Also look at: 3 Tips for Negotiating Your Teaching Abroad Salary
5. Explore a new region.
Did you spend all your time traveling around the mountains of northern China, and didn’t have time to make it to the south? It’s a big country, but now’s your chance to get something different out of the familiar. If you’re teaching in Thailand, move to a new province and explore the differences even small countries have to offer. Tired of the tropics all together, move further from the equator. Was your last position too cold in the winter? Maybe it’s time to migrate south.
6. Do the things you didn’t do last time.
Do you wish you had traveled more? Spent more time with the locals instead of other foreigners? Tried a larger variety of foods? Documented your experiences? Now’s your chance. Teaching abroad again is a wonderful way to change the things you might regret about your first time, when you were less experienced and more uncertain about what to expect.
7. Teach a different age level.
If you taught high school your first time, give primary school a try, or even pre-school or university. Each presents a list of differing challenges and rewards, and exploring them all will allow you to choose a favorite and hone your skills.
Also look at: Teaching English Abroad to Children vs. Adults
8. Grow professionally.
There are likely things you didn’t do so well last time. Perhaps you committed one or more of these teach abroad fails, but now’s your chance to redeem yourself, to learn from your mistakes and grow as a teacher. The improvements you make, and the more comfortable you become with commandeering a classroom, the better the experience will be for everyone involved (students, staff and yourself).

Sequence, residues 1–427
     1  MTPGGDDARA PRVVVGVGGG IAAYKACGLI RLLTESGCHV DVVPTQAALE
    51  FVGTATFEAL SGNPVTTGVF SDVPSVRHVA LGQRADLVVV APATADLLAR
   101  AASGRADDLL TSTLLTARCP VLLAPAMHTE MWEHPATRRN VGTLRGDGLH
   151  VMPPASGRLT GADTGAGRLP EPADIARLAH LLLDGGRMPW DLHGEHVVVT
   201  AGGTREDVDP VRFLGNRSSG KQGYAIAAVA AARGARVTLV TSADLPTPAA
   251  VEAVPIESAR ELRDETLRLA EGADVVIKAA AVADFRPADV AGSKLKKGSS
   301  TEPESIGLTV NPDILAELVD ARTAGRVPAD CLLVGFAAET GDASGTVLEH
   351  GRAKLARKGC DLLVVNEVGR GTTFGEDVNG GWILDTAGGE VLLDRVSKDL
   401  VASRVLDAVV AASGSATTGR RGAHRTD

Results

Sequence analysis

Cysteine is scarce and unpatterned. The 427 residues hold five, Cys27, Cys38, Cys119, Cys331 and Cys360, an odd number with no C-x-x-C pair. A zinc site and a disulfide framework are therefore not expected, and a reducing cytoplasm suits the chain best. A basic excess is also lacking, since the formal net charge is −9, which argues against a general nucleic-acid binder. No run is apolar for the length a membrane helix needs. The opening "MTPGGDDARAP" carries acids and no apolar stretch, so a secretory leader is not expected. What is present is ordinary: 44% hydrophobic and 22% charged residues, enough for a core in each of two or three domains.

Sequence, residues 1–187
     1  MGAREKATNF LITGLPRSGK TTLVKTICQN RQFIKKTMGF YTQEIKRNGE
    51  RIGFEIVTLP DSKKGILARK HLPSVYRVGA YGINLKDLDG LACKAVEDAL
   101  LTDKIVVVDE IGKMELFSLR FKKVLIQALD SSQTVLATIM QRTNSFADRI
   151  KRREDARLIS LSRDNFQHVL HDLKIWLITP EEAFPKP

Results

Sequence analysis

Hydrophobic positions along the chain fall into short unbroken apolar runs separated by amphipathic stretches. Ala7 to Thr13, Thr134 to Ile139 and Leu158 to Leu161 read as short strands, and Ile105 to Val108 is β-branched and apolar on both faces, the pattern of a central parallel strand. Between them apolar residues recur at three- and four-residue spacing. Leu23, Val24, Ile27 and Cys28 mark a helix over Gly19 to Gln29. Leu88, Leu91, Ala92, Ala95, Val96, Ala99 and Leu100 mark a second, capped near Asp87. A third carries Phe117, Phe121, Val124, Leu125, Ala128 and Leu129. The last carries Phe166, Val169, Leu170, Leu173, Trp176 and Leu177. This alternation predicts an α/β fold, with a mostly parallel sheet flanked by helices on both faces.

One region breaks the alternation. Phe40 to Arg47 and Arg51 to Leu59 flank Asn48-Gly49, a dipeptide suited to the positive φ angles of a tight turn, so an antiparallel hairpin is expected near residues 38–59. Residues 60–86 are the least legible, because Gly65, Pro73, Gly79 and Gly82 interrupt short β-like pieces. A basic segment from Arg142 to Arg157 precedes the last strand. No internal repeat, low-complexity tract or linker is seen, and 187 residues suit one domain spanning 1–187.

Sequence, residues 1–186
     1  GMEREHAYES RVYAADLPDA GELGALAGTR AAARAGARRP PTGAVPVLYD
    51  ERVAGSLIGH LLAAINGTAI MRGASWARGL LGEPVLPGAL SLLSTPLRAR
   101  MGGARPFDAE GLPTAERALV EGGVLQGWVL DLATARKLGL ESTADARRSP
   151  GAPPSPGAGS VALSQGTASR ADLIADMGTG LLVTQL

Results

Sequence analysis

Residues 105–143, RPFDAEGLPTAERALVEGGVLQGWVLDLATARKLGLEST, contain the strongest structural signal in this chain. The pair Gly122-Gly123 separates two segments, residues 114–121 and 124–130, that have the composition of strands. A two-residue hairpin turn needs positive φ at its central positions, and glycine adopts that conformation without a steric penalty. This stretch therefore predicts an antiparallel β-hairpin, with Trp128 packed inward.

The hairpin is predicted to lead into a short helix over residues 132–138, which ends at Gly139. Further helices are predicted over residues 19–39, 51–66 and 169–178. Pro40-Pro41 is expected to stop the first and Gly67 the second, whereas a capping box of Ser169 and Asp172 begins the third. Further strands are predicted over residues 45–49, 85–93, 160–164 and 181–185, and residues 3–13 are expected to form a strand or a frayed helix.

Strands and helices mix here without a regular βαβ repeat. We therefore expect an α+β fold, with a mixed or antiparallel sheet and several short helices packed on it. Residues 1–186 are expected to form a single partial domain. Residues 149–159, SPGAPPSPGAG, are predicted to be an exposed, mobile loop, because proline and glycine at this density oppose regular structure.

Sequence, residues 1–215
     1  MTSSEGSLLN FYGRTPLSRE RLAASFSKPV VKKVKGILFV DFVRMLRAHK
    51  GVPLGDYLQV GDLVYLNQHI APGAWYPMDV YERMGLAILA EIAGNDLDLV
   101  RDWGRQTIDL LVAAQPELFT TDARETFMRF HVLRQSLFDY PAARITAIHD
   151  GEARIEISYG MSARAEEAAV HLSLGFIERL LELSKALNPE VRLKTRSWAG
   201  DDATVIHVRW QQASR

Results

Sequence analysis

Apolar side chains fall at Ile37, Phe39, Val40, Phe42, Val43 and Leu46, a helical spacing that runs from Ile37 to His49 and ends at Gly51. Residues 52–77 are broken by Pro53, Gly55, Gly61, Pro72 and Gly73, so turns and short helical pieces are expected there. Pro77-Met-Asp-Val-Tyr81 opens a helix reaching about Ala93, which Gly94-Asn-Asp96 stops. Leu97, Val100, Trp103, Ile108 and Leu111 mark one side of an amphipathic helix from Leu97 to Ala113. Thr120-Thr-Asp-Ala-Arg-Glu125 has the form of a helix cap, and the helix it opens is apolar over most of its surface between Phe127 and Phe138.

Also look at: 4 Ways Teaching Abroad Can Help Non-Teaching Careers
9. Grow personally.
Now that you’re an experienced expat, there are likely personal reasons you want to do it again. Ask yourself what they are – maybe you want to be more forgiving, more understanding, less judgmental, etc. – and use this opportunity to grow in your own realm.
Also look at: Top 10 Teach Abroad Fails
10. Document your experience.
You already know this is going to be an adventure to remember, so don’t rely on your memory to last for years to come. Keep a journal, a blog, a diary, whatever your preferred method. Take lots of pictures, too many. Write down the emails and Facebook addresses of people you meet. You never know when these might come in handy later, even if it’s when you sit down with your grandchildren to reminisce on your youth.
Also look at: 7 Tips for Sharing Your Life Abroad on Social Networks
One Classroom at a Time...
Teaching abroad has surely already impacted your life in ways you couldn’t imagine before, and each new experience will only add to the bigger picture. Don’t take anything for granted. You truly are lucky to have such an experience, and even more so to do it again. After all, what’s to stop you from traveling the entire world, one classroom at a time?Photo Credit: Gina Rogari and author.